With big data comes big responsibility! But can the data scientists step up and take responsibility of the algorithms they have released?
The amount and variety of data-driven applications is increasing rapidly from industrial solutions to practical ones affecting our daily lives. Concerns have been raised about how algorithms rule the world. However, in this discussion algorithms are often seen as some faceless entities whose responsibility can not be questioned. But every single algorithm is - at least so far - written by a human, often a data scientist. So it’s fair to ask what responsibility of the possible effects of an algorithm does its creator carry?
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What makes the case more serious for complicated data-driven algorithms is that they often incorporate inherent uncertainty in their functions and outcomes. This means that it is not always easy or even possible to see beforehand how the algorithms affects the environment they operate in. In addition to some clearly evil applications, such as unwarranted surveillance, there is a huge gray area in where the algorithms have been designed for a good cause, but they may have unforeseen side effects that surface only years later.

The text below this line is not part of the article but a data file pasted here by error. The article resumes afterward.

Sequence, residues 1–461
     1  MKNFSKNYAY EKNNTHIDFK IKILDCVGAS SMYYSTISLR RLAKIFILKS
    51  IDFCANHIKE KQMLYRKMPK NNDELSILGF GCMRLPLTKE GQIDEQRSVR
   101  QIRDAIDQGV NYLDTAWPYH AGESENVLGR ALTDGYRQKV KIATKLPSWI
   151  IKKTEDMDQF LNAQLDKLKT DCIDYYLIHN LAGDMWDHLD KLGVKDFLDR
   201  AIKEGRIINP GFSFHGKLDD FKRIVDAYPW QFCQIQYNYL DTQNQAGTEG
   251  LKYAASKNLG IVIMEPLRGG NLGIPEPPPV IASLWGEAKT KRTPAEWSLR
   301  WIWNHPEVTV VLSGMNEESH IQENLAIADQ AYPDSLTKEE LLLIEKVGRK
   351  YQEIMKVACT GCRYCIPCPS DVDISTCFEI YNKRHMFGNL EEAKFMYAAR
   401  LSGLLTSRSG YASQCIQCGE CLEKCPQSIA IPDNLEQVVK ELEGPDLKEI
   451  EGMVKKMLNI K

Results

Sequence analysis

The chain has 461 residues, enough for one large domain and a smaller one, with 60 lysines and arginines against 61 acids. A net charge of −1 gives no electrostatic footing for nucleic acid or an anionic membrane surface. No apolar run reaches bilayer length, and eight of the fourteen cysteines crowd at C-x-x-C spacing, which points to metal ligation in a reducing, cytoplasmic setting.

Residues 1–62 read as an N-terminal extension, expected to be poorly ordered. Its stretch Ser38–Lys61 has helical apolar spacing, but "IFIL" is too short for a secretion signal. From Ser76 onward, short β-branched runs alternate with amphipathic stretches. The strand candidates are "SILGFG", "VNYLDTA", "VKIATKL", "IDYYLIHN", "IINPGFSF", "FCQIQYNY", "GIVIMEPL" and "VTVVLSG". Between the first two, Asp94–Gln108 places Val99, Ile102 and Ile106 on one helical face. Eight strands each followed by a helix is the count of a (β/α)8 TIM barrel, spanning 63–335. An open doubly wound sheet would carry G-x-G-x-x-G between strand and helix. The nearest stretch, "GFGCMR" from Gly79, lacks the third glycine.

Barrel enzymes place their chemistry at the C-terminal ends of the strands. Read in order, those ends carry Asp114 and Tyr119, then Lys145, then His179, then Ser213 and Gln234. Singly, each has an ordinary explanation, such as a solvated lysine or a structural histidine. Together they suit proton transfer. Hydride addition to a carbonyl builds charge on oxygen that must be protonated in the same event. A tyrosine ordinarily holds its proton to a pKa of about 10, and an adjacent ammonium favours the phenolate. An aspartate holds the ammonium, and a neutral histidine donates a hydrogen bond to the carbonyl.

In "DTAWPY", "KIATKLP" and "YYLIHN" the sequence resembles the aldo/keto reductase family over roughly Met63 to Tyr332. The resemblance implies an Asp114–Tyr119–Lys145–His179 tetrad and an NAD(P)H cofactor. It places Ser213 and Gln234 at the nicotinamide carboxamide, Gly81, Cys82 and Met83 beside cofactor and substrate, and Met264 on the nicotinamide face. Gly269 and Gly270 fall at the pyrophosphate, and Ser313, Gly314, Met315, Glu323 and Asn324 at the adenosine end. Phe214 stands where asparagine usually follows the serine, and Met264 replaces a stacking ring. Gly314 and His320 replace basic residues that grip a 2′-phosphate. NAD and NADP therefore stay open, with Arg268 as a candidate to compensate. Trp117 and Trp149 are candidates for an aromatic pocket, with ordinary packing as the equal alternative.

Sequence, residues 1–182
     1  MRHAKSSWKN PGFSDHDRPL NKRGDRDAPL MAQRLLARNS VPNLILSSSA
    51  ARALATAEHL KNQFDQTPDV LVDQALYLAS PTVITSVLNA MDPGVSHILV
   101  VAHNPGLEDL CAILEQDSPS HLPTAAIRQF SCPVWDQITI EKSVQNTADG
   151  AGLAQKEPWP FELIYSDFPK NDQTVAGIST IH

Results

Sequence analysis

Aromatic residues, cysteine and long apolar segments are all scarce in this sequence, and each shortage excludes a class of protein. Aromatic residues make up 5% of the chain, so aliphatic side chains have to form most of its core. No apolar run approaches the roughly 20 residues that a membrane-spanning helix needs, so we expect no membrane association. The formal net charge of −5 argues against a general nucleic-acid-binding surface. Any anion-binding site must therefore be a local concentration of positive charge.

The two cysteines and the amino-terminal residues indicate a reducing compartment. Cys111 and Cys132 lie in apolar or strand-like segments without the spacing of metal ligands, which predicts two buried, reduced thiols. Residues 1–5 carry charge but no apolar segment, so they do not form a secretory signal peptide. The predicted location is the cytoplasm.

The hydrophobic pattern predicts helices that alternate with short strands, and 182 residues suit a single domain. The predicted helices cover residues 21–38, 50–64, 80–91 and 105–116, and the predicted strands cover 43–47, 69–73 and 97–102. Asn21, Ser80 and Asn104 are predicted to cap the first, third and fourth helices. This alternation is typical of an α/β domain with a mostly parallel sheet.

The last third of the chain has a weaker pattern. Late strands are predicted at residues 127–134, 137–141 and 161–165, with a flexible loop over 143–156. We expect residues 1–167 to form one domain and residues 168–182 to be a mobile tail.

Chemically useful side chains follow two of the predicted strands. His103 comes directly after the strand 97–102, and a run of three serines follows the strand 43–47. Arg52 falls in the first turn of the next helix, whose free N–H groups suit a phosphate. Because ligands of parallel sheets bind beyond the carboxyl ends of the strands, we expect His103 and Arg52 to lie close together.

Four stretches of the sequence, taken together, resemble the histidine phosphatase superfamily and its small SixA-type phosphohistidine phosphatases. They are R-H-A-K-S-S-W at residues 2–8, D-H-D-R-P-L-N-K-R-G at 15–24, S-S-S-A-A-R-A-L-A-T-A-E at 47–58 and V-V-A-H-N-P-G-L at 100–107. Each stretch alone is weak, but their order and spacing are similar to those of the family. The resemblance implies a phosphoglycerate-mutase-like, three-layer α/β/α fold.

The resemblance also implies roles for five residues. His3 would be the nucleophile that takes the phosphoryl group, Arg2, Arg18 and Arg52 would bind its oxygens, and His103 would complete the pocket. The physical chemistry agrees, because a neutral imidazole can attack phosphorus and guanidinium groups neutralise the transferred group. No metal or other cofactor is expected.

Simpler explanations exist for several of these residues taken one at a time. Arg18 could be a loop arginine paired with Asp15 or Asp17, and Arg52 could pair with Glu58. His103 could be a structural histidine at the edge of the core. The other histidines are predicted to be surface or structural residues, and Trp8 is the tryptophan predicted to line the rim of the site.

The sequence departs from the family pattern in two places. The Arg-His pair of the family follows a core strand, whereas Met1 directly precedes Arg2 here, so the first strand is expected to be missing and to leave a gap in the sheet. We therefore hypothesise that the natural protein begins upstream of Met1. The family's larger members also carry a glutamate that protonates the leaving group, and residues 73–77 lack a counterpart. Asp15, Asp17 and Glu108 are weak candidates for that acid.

So what can be done? At least these issues need to be brought to the public discussion. An example of this kind of action is Data Justice, founded in order to “Challenge Rising Exploitation and Economic Inequality from Big Data”. Their blog presents important examples of how data-driven applications may cause unwanted harm.
Data science curriculum should also involve some ethics training. Data scientists should realise that many of the decisions they make when creating data-driven solutions affect other people’s lives, often without them giving consent to it or even even knowing about it.
In addition, transparency in implementing data science applications would help to increase visibility in the effects of the algorithms. Making the inner workings as transparent as possible might even become a competitive advantage in the future, as people start paying more attention to these issues. The effects of data-driven applications to the end-users could also be part of the usability testing procedure.
Also algorithmic angels and other kinds of watchdogs have been proposed to protect us from evil algorithms. Most of all, we need responsible data scientists to realise their powers, actively discuss improvements, and step up for a future where data-driven algorithms remain our tools, not our masters.